A universal definition shared with the human resources department may contribute to efforts to develop knowledge levels applicable to a variety of academic advising positions. Specifically, our research can be applied to creation of academic advising career ladders through collaboration between advisors and human resource managers on determining the skills encompassed by advising, the necessary knowledge for participation in advising, development of skills after hire, and compensation parameters that would characterize such a career ladder. The resulting definition might also lead to a standard for the educational level and pre-employment training requirements. By establishing clear intentions for academic advising embedded in a definition such that requirements for training, education, or other necessary skills are delineated, a standard for practice can also be initiated.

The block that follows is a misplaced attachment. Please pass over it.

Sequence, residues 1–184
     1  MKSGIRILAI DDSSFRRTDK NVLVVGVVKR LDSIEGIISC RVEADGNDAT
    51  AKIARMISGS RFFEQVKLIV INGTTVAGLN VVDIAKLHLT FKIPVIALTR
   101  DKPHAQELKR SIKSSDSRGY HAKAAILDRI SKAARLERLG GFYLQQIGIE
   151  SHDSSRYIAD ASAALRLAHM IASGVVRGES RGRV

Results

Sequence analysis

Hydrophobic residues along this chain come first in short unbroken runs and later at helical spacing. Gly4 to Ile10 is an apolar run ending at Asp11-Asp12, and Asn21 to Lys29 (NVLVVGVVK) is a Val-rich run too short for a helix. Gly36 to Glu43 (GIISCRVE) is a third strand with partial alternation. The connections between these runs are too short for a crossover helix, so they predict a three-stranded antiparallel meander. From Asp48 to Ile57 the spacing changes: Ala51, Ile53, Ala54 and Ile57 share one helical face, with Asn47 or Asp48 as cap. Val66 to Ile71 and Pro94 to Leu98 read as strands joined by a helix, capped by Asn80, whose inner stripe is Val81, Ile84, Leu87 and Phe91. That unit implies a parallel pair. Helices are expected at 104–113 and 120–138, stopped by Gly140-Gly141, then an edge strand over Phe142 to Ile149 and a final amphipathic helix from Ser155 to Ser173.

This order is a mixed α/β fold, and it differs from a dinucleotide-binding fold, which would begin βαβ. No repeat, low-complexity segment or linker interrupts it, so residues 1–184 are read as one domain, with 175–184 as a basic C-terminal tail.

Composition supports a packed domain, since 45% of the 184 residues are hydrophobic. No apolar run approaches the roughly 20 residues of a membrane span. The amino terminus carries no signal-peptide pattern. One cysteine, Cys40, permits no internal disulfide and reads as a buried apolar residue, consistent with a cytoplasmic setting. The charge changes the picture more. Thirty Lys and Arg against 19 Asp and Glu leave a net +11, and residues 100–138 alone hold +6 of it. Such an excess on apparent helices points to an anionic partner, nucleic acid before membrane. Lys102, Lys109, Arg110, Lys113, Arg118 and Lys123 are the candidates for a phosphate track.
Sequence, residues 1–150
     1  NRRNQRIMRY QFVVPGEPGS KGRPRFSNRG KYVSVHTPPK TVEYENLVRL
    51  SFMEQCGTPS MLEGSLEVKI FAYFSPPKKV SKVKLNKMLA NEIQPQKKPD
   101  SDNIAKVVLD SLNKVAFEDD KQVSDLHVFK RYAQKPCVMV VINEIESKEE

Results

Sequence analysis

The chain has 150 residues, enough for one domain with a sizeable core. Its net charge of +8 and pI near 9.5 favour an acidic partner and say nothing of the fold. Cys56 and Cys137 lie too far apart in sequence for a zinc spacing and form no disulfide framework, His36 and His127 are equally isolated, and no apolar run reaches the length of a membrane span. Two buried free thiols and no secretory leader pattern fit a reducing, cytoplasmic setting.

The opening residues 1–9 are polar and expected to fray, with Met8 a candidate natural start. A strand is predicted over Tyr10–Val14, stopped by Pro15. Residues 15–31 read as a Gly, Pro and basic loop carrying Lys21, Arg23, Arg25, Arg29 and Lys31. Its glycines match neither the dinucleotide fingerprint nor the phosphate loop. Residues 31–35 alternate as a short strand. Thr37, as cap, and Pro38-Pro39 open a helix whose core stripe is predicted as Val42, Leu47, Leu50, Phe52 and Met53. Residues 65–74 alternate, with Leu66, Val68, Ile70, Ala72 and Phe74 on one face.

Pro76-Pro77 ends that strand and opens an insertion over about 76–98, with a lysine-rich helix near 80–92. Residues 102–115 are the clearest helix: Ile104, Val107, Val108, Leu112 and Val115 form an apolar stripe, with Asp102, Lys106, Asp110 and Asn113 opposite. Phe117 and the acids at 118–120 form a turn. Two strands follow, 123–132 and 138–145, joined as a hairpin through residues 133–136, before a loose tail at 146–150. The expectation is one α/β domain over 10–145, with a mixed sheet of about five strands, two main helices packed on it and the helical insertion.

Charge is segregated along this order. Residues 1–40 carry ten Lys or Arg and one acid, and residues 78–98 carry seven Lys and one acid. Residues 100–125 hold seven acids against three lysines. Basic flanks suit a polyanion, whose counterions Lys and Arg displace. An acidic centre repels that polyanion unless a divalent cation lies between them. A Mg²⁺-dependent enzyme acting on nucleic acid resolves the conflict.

Perhaps most tangible and directly aligned with our intent, researchers can use the definition, academic advising applies knowledge of the field to empower students and campus and community members to successfully navigate academic interactions related to higher education, to explain precisely the topics for study, demarcate variables, and discuss the way findings can be generalized to advising. Clarification of the term academic advising contributes to knowledge of the parameters for and the core of a meaningful advising theory or theories most consistent with a consensus view of advising. Specifically, using this definition in a hypothesis, researchers can use video or audio recordings to document advising objectively. The data from observation along with the data analyzed with AI could generate a strong and tested definition of advising. Furthermore, AI and observation-based research can be conducted to determine the level of relevance of existing theories, the Concept (NACADA, 2006), the Core Values (NACADA, 2005), Academic Advising Core Competencies (NACADA, 2017), and other important statements characterizing advising for enriching the definition we put forth herein.